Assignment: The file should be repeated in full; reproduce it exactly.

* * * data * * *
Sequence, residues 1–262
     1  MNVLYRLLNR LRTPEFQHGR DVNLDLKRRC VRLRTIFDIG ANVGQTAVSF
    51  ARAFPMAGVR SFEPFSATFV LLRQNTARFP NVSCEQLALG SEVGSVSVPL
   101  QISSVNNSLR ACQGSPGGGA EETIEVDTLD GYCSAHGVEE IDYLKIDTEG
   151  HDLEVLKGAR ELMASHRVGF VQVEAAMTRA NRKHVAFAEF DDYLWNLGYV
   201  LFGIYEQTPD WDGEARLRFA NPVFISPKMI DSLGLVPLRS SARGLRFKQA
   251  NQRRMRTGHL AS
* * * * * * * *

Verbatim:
Sequence, residues 1–262
     1  MNVLYRLLNR LRTPEFQHGR DVNLDLKRRC VRLRTIFDIG ANVGQTAVSF
    51  ARAFPMAGVR SFEPFSATFV LLRQNTARFP NVSCEQLALG SEVGSVSVPL
   101  QISSVNNSLR ACQGSPGGGA EETIEVDTLD GYCSAHGVEE IDYLKIDTEG
   151  HDLEVLKGAR ELMASHRVGF VQVEAAMTRA NRKHVAFAEF DDYLWNLGYV
   201  LFGIYEQTPD WDGEARLRFA NPVFISPKMI DSLGLVPLRS SARGLRFKQA
   251  NQRRMRTGHL AS